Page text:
Released in the summer of 1997, Air Force One arrived towards the end of the Die Hard clone era. After Die Hard flourished at the box office in 1988, studios began clamouring to replicate the film’s success; leading to the birth of an entire action subgenre. Take, for instance, Speed (Die Hard on a bus), Under Siege (Die Hard on a boat), and Passenger 57 (Die Hard on a plane). By 1997, the well had ostensibly run dry, with Die Hard clones becoming relegated to direct-to-video releases with fading stars and recycled stories. And then along came Air Force One, which showed Hollywood another way to make a Die Hard spin: make the John McClane archetype the President of the United States as played by Harrison Ford. The result is one of the greatest Die Hard clones of its decade. An unabashedly jingoistic, patriotic blockbuster, Air Force One benefits from the exceptional directorial touch of Wolfgang Peterson (In the Line of Fire) and an ideal cast.
Fresh off the success of a joint American-Russian mission to capture rogue world leader General Radek (Prochnow), United States President James Marshall (Ford) delivers a controversial speech declaring that he will not negotiate with terrorists. On the flight home, Air Force One is summarily hijacked by Russian terrorists posing as reporters. Led by ultra-nationalist Ivan Korshunov (Oldman), the terrorists kill several passengers and take the survivors hostage. In contact with the American Vice President (Close) after President Marshall ostensibly leaves in the plane’s escape pod, Korshunov demands for Radek to be released from prison, and promises to execute a hostage every half an hour until his demands are met. However, Korshunov did not anticipate for the determined President Marshall to secretly remain onboard the plane armed with both the skill and determination to rescue his family and friends.
Even the most energetic and creative action films are likely to foster at least a vague sense of déjà vu due to the nature of the genre – after all, there are only so many ways to blow stuff up and stage shootouts. Thus, it should not be surprising to hear that elements of Air Force One are familiar; the script seems to have been assembled using bits and pieces from other films about terrorists, airplanes, hijacking, hostages, politics and cat-and-mouse chases. Thankfully, all of this stuff is perfectly palatable thanks to Wolfgang Peterson’s proficient directorial efforts. Peterson was able to use the film’s plane setting to great effect, creating a cramped, rather claustrophobic disposition affording tension and danger. The shootouts are great, and the action in general is constantly invigorating. Intoxicating bursts of nail-biting tension are present throughout as well, making this a skilful addition to the action genre rather than a dumb compilation of people killing one another. From a technical perspective, Air Force One is a winner. From the lavish, intricate production design to the predominantly impressive special effects and Jerry Goldsmith’s thrilling score, the film has been assembled with tremendous skill. The sole technical drawback is that the demise of Air Force One suffers from unbelievably phoney digital effects.
Fortunately, Air Force One does not insult the audience. This movie receives way too much unfounded criticism – people constantly use the umbrella denigration “it’s dumb and implausible” without providing sufficient evidence. Perhaps some people are so accustomed to blatantly dumb blockbusters that they cannot recognise a comparatively smart blockbuster when they see it. It’s also surprising how much plausible material is hailed as dumb. Midair gunfire is criticised, but even the real Air Force One has been specifically hardened against gunfire, and thus the film reflects that. The premise seems implausible too, but it was executed believably enough (though the lack of terrorist casualties during their shootout with Secret Service agents is a bit on the absurd side, granted). Heck, a former Secret Service agent has even admitted there’s a one-in-a-million chance that Air Force One could be hijacked. At no point is Air Force One detrimentally stupid – it just takes a few liberties. And since the film is so exciting and well-made, who cares if it does take liberties?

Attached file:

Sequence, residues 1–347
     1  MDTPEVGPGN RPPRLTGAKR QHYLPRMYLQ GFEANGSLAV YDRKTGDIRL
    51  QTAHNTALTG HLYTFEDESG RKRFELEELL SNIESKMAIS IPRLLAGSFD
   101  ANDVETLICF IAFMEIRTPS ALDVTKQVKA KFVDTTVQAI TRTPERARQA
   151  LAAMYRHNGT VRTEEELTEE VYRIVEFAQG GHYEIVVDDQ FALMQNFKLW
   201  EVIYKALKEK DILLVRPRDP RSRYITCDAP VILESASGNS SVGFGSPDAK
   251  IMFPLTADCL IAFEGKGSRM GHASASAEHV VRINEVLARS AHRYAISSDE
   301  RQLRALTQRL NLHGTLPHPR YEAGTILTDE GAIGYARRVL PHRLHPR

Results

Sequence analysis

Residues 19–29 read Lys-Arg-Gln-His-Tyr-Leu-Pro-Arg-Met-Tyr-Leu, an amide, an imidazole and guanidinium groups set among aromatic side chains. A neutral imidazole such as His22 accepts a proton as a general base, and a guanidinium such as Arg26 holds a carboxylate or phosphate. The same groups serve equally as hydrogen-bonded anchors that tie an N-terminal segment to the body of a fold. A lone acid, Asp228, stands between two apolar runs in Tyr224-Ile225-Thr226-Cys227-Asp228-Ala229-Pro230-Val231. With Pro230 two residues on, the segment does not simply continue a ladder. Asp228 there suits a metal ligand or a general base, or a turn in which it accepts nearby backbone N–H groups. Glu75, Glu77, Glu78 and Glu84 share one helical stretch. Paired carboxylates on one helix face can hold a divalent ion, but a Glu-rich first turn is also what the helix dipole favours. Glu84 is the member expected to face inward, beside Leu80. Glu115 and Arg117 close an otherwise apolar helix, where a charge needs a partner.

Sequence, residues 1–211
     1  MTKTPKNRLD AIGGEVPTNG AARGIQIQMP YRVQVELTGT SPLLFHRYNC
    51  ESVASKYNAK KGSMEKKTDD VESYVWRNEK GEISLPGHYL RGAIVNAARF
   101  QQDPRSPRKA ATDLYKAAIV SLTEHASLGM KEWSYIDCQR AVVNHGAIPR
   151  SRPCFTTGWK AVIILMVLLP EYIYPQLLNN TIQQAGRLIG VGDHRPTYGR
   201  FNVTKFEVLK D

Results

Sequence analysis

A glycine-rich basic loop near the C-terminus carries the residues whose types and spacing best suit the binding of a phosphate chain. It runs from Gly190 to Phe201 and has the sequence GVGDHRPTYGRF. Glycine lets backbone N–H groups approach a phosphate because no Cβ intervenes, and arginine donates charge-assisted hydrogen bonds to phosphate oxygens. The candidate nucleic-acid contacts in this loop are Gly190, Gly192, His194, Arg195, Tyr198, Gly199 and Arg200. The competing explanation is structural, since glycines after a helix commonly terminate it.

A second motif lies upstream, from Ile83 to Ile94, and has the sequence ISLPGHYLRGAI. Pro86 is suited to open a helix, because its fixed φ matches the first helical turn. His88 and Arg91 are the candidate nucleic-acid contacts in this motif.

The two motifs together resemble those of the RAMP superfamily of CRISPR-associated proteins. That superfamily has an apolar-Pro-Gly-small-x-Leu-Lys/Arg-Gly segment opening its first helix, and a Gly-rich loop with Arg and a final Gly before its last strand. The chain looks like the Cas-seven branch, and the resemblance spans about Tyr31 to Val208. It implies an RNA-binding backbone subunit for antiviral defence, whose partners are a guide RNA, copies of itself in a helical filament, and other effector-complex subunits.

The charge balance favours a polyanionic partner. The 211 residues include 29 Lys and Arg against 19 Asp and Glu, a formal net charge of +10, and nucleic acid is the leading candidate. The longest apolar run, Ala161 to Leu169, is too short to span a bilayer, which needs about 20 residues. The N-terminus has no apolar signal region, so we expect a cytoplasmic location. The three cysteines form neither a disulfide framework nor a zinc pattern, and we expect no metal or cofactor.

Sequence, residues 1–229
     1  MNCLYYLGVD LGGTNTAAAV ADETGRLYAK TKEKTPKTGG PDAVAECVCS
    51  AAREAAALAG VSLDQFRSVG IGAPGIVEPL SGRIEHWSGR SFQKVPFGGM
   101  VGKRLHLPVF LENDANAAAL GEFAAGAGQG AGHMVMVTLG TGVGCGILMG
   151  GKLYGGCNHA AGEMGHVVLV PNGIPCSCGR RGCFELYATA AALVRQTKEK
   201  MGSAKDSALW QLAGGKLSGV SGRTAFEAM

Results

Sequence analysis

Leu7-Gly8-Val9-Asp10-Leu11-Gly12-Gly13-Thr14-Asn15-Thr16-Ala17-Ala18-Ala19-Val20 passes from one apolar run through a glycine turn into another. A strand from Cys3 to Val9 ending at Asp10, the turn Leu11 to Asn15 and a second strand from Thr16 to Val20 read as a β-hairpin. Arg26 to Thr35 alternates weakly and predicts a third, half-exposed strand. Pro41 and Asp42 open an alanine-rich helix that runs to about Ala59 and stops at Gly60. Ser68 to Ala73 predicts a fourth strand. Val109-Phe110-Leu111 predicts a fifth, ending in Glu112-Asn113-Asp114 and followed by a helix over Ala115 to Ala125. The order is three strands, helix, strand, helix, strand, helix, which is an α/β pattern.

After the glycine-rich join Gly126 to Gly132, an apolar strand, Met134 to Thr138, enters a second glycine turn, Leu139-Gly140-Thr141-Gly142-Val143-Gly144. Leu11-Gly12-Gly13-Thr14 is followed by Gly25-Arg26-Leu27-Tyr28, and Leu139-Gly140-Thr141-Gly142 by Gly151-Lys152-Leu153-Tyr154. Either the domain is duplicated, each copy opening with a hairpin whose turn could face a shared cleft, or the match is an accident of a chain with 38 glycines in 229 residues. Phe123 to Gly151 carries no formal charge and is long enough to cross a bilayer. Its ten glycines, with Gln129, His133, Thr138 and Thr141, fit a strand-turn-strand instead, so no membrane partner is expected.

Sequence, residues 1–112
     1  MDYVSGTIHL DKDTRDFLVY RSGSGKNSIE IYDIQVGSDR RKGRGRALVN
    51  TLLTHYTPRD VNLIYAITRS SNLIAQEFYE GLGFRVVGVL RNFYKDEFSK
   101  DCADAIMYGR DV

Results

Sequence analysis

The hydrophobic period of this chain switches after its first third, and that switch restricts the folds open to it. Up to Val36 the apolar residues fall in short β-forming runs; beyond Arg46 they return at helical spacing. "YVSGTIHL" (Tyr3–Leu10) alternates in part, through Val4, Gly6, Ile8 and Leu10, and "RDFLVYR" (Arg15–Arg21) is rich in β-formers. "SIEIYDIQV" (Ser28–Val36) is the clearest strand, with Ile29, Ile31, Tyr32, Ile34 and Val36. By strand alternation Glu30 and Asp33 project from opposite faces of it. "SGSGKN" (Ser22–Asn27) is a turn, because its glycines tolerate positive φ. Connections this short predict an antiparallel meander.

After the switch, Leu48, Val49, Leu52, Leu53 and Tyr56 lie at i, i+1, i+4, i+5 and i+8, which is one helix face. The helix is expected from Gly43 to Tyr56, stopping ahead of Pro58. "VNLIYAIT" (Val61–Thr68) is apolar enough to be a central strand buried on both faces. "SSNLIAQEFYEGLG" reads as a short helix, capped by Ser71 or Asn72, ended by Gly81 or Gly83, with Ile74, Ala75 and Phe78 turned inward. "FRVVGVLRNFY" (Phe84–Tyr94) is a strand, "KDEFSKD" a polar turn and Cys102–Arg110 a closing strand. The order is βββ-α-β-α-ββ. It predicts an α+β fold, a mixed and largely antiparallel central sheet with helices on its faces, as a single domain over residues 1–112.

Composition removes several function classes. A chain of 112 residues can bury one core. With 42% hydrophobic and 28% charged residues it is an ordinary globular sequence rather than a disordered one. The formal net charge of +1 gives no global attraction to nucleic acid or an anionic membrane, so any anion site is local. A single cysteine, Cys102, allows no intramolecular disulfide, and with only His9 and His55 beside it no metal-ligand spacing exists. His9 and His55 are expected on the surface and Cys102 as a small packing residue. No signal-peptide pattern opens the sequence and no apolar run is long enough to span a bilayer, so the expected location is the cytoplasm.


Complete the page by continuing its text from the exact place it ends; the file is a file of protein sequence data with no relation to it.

In the leading role, Harrison Ford is suitably charismatic. Ford was in his action prime at the time of Air Force One, and he is probably the only star we could believe as an ass-kicking president. It’s unlikely that any other performer would have been able to pull off the combination of genuine acting talent, movie star charisma, and the badass disposition of the world’s best action stars. The President is not portrayed as a bulletproof hero – rather, Marshall evokes the humanity which characterised Die Hard‘s John McClane; he is a man motivated by family and conscience who shows he is not invincible. Marshall is also a President of honour who has a code of ethics… He’s almost too good to be true. Alongside Ford, Gary Oldman brings dimensionality, menace and a believable Russian accent to the role of Ivan Korshunov. As a result, the vicious verbal battles between Oldman and Ford are almost as intense as the action scenes. Also in the cast is Glenn Close who’s effectively steely as the Vice President, and William H. Macy who’s a certifiable hoot as a loyal major with a machine gun.
A highly enjoyable and intense time killer, Air Force One does not redefine the action movie, but it is a terrific genre flick which hits all the right notes and has it where it counts. Spectacular action of the refreshing old-school variety is the order of the day here, which is topped off by a strong, likeable hero and a villain who’s easy to hate. In short, Air Force One is irresistible escapist entertainment which holds up well to repeat viewings.